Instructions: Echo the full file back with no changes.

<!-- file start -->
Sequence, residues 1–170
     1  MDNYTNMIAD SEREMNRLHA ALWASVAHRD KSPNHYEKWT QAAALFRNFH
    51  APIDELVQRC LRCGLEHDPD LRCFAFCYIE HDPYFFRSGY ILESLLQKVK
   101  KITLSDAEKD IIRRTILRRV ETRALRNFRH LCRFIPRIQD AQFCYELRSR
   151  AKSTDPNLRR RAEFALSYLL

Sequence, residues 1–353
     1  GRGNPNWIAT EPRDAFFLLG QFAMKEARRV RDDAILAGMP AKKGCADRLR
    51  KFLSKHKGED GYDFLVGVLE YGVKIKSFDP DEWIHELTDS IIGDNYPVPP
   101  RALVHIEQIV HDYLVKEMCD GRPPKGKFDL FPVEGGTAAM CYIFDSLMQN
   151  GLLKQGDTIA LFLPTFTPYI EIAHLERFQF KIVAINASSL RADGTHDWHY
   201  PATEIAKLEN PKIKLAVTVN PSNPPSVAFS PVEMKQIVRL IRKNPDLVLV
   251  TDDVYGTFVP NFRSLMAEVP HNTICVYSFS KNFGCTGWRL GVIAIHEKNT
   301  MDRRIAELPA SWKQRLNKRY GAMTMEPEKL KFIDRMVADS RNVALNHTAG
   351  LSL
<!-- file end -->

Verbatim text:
Sequence, residues 1–170
     1  MDNYTNMIAD SEREMNRLHA ALWASVAHRD KSPNHYEKWT QAAALFRNFH
    51  APIDELVQRC LRCGLEHDPD LRCFAFCYIE HDPYFFRSGY ILESLLQKVK
   101  KITLSDAEKD IIRRTILRRV ETRALRNFRH LCRFIPRIQD AQFCYELRSR
   151  AKSTDPNLRR RAEFALSYLL

Sequence, residues 1–353
     1  GRGNPNWIAT EPRDAFFLLG QFAMKEARRV RDDAILAGMP AKKGCADRLR
    51  KFLSKHKGED GYDFLVGVLE YGVKIKSFDP DEWIHELTDS IIGDNYPVPP
   101  RALVHIEQIV HDYLVKEMCD GRPPKGKFDL FPVEGGTAAM CYIFDSLMQN
   151  GLLKQGDTIA LFLPTFTPYI EIAHLERFQF KIVAINASSL RADGTHDWHY
   201  PATEIAKLEN PKIKLAVTVN PSNPPSVAFS PVEMKQIVRL IRKNPDLVLV
   251  TDDVYGTFVP NFRSLMAEVP HNTICVYSFS KNFGCTGWRL GVIAIHEKNT
   301  MDRRIAELPA SWKQRLNKRY GAMTMEPEKL KFIDRMVADS RNVALNHTAG
   351  LSL